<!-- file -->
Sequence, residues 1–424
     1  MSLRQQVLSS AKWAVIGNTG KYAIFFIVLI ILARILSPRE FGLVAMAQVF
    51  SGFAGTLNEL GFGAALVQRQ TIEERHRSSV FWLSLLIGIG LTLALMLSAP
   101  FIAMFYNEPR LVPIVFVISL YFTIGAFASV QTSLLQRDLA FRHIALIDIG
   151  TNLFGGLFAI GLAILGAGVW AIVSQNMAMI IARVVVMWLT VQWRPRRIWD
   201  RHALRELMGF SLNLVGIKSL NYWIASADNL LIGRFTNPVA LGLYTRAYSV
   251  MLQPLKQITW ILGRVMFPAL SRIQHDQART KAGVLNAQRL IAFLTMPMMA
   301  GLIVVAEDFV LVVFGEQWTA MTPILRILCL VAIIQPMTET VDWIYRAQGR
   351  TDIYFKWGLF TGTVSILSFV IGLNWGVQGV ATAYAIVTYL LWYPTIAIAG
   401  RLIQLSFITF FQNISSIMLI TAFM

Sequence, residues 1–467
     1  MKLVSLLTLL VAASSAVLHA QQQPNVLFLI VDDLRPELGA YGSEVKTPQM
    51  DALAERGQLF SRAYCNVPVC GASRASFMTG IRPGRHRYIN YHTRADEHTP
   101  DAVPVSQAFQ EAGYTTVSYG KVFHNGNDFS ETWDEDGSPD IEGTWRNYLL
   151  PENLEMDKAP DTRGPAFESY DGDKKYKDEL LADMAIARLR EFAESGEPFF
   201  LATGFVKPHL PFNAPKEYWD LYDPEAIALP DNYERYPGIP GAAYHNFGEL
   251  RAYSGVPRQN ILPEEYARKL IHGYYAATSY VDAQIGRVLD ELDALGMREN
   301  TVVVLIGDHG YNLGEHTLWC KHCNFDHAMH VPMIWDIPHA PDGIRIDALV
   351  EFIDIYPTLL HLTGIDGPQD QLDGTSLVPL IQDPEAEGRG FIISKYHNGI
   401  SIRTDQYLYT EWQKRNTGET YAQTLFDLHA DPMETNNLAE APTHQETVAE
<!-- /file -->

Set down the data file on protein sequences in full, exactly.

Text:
Sequence, residues 1–424
     1  MSLRQQVLSS AKWAVIGNTG KYAIFFIVLI ILARILSPRE FGLVAMAQVF
    51  SGFAGTLNEL GFGAALVQRQ TIEERHRSSV FWLSLLIGIG LTLALMLSAP
   101  FIAMFYNEPR LVPIVFVISL YFTIGAFASV QTSLLQRDLA FRHIALIDIG
   151  TNLFGGLFAI GLAILGAGVW AIVSQNMAMI IARVVVMWLT VQWRPRRIWD
   201  RHALRELMGF SLNLVGIKSL NYWIASADNL LIGRFTNPVA LGLYTRAYSV
   251  MLQPLKQITW ILGRVMFPAL SRIQHDQART KAGVLNAQRL IAFLTMPMMA
   301  GLIVVAEDFV LVVFGEQWTA MTPILRILCL VAIIQPMTET VDWIYRAQGR
   351  TDIYFKWGLF TGTVSILSFV IGLNWGVQGV ATAYAIVTYL LWYPTIAIAG
   401  RLIQLSFITF FQNISSIMLI TAFM

Sequence, residues 1–467
     1  MKLVSLLTLL VAASSAVLHA QQQPNVLFLI VDDLRPELGA YGSEVKTPQM
    51  DALAERGQLF SRAYCNVPVC GASRASFMTG IRPGRHRYIN YHTRADEHTP
   101  DAVPVSQAFQ EAGYTTVSYG KVFHNGNDFS ETWDEDGSPD IEGTWRNYLL
   151  PENLEMDKAP DTRGPAFESY DGDKKYKDEL LADMAIARLR EFAESGEPFF
   201  LATGFVKPHL PFNAPKEYWD LYDPEAIALP DNYERYPGIP GAAYHNFGEL
   251  RAYSGVPRQN ILPEEYARKL IHGYYAATSY VDAQIGRVLD ELDALGMREN
   301  TVVVLIGDHG YNLGEHTLWC KHCNFDHAMH VPMIWDIPHA PDGIRIDALV
   351  EFIDIYPTLL HLTGIDGPQD QLDGTSLVPL IQDPEAEGRG FIISKYHNGI
   401  SIRTDQYLYT EWQKRNTGET YAQTLFDLHA DPMETNNLAE APTHQETVAE